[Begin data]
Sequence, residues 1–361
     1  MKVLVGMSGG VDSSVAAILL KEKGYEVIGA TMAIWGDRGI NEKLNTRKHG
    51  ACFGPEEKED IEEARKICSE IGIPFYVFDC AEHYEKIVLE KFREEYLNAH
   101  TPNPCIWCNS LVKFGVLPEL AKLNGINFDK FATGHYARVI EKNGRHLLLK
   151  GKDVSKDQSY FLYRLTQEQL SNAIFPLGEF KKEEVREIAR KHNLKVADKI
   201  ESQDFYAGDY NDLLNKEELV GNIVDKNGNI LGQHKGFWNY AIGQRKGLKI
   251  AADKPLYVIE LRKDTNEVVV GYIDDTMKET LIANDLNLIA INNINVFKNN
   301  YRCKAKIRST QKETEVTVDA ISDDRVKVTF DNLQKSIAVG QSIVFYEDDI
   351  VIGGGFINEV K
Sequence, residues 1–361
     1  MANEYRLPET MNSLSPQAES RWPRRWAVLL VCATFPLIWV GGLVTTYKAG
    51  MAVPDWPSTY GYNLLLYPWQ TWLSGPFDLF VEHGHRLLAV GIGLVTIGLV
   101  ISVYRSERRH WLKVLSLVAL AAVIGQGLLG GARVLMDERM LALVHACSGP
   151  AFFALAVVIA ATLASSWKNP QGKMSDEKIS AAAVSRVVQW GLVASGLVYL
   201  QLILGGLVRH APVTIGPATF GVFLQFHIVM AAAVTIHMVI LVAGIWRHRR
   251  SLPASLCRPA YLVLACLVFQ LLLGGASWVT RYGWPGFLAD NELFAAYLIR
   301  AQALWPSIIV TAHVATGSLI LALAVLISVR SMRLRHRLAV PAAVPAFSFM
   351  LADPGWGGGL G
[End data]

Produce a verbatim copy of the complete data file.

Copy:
Sequence, residues 1–361
     1  MKVLVGMSGG VDSSVAAILL KEKGYEVIGA TMAIWGDRGI NEKLNTRKHG
    51  ACFGPEEKED IEEARKICSE IGIPFYVFDC AEHYEKIVLE KFREEYLNAH
   101  TPNPCIWCNS LVKFGVLPEL AKLNGINFDK FATGHYARVI EKNGRHLLLK
   151  GKDVSKDQSY FLYRLTQEQL SNAIFPLGEF KKEEVREIAR KHNLKVADKI
   201  ESQDFYAGDY NDLLNKEELV GNIVDKNGNI LGQHKGFWNY AIGQRKGLKI
   251  AADKPLYVIE LRKDTNEVVV GYIDDTMKET LIANDLNLIA INNINVFKNN
   301  YRCKAKIRST QKETEVTVDA ISDDRVKVTF DNLQKSIAVG QSIVFYEDDI
   351  VIGGGFINEV K
Sequence, residues 1–361
     1  MANEYRLPET MNSLSPQAES RWPRRWAVLL VCATFPLIWV GGLVTTYKAG
    51  MAVPDWPSTY GYNLLLYPWQ TWLSGPFDLF VEHGHRLLAV GIGLVTIGLV
   101  ISVYRSERRH WLKVLSLVAL AAVIGQGLLG GARVLMDERM LALVHACSGP
   151  AFFALAVVIA ATLASSWKNP QGKMSDEKIS AAAVSRVVQW GLVASGLVYL
   201  QLILGGLVRH APVTIGPATF GVFLQFHIVM AAAVTIHMVI LVAGIWRHRR
   251  SLPASLCRPA YLVLACLVFQ LLLGGASWVT RYGWPGFLAD NELFAAYLIR
   301  AQALWPSIIV TAHVATGSLI LALAVLISVR SMRLRHRLAV PAAVPAFSFM
   351  LADPGWGGGL G